Panorama Under Water
Facilitator: Roos van Haaften (UK)
Battery Diemerdam, a UNESCO World Heritage site, was built during the 19th century as a defence line to protect Amsterdam from attack from the Southernsea.
It is part of an ingenious network that enabled soldiers to flood the surrounding polders with water. Too shallow for ships and too deep for man and horse, the water would have kept out the enemy. However, the system was never used due to the modernisation of war techniques.
Sixty people, mainly adults, came together to experience this historical place through drawing and imaginative exploration.
The group was asked to pretend that the surroundings of Amsterdam had been inundated with water.
Participants sat on the old walls of the Battery and on grassy mounds, and looked across to building activities around Amsterdam. There they were asked to think about what the land would look like under water. How would a flood change the landscape? Would houses be under water? Would water plants be taking over floating roofs?”
Each participant drew part of the view of Diemerdam, with horizontal lines dominating the drawings in order to create a single panoramic landscape afterwards. People were encouraged to draw through observation, but also to use their imagination.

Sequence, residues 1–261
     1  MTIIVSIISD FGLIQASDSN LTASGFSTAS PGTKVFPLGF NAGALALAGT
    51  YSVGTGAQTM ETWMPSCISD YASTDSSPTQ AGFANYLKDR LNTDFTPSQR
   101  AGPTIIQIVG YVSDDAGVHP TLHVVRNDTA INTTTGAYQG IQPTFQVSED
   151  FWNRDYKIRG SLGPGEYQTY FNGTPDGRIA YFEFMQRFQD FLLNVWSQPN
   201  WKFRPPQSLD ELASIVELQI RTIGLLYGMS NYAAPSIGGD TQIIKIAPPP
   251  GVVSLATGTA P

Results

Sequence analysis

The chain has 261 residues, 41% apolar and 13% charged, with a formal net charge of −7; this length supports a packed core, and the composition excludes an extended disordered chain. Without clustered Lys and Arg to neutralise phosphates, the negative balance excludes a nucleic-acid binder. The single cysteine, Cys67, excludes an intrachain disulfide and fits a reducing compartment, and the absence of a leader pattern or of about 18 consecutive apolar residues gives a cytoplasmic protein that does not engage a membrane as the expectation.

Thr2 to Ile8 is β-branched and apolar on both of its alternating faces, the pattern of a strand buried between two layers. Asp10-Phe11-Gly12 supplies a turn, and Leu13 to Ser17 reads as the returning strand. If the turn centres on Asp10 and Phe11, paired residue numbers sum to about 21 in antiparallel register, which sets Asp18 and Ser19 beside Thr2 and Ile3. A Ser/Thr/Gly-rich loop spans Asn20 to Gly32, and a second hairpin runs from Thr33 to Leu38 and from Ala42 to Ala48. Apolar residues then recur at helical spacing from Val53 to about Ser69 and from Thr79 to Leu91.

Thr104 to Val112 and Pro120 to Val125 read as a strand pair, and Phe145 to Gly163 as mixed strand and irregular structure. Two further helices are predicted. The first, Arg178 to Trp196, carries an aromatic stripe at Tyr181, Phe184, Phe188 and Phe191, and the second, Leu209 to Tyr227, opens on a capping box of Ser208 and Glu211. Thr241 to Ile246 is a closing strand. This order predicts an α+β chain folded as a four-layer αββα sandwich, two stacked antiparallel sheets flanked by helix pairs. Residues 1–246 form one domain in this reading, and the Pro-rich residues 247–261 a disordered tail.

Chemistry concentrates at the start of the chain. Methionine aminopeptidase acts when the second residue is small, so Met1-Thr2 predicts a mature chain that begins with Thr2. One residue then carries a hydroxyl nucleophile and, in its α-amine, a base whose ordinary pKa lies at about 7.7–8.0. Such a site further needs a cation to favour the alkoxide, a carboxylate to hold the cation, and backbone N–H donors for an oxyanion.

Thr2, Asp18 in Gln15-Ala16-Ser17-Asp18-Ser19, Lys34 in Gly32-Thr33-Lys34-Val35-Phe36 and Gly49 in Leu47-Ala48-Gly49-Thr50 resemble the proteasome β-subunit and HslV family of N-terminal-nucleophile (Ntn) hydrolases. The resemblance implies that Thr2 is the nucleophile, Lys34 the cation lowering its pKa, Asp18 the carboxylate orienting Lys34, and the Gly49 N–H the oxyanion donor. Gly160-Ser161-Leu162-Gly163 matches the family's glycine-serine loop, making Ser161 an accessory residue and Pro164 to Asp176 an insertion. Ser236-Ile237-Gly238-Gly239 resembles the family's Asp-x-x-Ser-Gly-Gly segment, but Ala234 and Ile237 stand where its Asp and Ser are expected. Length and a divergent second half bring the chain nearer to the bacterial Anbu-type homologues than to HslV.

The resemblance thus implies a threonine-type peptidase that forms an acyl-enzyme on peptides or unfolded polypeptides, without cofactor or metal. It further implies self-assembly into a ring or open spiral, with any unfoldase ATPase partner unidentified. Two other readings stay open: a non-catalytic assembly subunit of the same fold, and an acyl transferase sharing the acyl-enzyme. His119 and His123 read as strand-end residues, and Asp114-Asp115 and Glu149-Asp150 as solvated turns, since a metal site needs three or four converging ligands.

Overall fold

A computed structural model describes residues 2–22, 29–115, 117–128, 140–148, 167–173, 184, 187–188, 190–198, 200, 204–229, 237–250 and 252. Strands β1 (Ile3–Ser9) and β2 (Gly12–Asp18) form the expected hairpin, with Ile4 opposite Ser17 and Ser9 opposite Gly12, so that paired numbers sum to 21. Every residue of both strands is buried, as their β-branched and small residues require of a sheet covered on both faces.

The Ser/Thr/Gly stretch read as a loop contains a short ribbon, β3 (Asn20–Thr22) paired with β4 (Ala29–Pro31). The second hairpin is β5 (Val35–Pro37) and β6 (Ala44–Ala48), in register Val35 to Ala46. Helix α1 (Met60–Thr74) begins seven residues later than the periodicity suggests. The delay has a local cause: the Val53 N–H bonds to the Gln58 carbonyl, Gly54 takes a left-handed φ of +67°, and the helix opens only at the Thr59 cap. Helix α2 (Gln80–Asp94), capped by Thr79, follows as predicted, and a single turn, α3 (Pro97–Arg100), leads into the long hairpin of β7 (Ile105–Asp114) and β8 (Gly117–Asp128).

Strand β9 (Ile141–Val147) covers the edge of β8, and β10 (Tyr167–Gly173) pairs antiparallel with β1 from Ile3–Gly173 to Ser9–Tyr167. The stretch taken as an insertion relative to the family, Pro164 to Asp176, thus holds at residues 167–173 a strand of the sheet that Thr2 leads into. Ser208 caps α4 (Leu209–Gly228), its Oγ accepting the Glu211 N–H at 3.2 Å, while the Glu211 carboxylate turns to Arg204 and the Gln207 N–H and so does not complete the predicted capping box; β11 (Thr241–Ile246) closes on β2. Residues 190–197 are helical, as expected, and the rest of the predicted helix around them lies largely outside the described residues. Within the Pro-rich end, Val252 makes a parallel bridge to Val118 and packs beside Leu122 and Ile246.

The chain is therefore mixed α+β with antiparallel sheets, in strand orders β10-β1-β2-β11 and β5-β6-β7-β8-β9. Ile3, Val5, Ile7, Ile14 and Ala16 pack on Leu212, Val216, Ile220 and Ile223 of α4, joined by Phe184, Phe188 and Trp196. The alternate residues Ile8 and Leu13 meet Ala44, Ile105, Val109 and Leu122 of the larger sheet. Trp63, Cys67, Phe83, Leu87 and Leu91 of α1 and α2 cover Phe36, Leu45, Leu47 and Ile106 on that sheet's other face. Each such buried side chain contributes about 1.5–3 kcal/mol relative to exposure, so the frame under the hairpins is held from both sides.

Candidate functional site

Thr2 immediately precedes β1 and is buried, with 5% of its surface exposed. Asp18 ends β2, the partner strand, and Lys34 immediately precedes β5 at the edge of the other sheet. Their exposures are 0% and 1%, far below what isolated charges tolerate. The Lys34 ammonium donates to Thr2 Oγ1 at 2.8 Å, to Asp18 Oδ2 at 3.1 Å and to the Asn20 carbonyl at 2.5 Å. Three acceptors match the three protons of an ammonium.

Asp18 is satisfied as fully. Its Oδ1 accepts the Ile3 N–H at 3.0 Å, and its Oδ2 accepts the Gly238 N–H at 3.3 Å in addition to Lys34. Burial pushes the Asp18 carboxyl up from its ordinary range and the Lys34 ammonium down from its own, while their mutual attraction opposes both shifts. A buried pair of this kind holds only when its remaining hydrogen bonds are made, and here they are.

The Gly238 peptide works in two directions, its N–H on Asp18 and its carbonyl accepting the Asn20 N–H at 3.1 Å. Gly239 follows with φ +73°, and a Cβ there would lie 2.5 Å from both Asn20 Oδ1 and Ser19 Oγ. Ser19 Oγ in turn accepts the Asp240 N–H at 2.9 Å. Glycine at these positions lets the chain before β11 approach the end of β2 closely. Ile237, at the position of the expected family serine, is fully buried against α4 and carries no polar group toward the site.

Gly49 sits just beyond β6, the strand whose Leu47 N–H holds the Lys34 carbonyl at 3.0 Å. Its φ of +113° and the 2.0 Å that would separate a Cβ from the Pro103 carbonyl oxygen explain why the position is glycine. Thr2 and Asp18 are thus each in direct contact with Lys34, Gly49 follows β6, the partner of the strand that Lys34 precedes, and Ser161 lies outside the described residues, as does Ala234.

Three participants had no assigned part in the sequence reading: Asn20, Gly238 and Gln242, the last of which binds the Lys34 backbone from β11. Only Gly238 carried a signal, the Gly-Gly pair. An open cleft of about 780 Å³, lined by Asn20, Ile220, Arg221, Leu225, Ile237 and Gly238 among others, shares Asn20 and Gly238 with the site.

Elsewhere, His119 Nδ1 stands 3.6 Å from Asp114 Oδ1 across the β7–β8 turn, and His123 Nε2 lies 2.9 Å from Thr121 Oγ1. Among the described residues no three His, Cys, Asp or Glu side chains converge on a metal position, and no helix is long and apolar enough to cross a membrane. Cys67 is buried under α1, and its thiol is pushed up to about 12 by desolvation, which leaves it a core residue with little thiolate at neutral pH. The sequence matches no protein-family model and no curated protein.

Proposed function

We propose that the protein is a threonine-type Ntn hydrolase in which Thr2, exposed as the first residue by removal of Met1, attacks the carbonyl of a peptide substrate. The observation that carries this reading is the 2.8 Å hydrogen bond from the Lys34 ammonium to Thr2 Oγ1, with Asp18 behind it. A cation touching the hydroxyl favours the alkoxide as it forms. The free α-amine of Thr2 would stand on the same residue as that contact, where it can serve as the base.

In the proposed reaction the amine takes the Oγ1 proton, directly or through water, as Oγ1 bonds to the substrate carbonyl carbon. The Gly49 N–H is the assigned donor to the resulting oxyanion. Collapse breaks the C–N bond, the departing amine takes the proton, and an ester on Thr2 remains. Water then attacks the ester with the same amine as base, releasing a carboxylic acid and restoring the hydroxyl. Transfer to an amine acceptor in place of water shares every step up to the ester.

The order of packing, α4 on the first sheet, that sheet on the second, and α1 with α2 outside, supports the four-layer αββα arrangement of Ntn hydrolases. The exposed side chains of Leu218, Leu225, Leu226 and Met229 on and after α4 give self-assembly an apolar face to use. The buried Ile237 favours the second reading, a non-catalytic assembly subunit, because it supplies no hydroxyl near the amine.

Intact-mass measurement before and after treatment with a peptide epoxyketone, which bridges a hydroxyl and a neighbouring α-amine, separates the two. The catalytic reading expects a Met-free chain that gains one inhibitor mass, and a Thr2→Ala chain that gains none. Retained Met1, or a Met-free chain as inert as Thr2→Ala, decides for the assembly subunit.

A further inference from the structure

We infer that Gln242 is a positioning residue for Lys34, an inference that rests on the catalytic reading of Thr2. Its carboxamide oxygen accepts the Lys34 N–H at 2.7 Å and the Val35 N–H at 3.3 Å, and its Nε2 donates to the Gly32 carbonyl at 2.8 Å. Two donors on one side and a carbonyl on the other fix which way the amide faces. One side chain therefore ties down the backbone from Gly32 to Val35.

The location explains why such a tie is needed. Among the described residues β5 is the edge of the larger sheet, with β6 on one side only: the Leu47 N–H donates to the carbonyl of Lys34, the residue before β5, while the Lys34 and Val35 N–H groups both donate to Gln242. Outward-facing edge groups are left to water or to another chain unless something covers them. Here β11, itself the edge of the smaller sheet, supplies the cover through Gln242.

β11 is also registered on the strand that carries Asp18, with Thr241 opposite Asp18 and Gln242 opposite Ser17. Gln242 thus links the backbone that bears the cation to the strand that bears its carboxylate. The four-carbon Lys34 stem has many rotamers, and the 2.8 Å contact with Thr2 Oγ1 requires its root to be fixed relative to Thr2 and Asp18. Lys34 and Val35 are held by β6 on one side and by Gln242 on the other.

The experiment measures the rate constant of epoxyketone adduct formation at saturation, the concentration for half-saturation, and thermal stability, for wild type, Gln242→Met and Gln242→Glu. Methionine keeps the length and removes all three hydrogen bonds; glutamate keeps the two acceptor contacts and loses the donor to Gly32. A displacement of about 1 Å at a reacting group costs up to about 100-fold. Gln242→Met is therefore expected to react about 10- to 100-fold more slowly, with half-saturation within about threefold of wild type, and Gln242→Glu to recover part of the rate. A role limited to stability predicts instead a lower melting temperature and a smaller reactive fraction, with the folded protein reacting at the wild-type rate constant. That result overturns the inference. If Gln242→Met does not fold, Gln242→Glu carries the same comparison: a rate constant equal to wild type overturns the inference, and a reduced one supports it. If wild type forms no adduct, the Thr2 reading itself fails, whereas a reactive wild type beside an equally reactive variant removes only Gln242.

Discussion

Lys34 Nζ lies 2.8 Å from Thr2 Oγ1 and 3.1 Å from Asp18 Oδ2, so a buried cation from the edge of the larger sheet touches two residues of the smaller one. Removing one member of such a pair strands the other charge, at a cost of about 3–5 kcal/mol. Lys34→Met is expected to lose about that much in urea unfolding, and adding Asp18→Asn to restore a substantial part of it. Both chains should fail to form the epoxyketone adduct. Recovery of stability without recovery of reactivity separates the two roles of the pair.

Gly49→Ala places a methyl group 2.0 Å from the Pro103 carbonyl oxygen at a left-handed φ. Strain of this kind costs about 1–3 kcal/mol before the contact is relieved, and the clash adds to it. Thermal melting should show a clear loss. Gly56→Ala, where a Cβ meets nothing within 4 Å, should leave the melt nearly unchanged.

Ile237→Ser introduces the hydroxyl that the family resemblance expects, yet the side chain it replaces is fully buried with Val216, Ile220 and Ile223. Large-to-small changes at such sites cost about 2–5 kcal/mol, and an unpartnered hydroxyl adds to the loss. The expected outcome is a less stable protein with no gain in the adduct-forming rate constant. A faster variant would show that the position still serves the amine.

Charcoal was used to create drawings, which were then steeped in a bath of blue ink to create a literal water level in the drawings. The drawings were then hung so that they lined up with the real landscape, combining the past with the present.
This workshop provided an insight into how a group of people who have never met before easily connect with each other the moment they are asked to collectively produce a single result.
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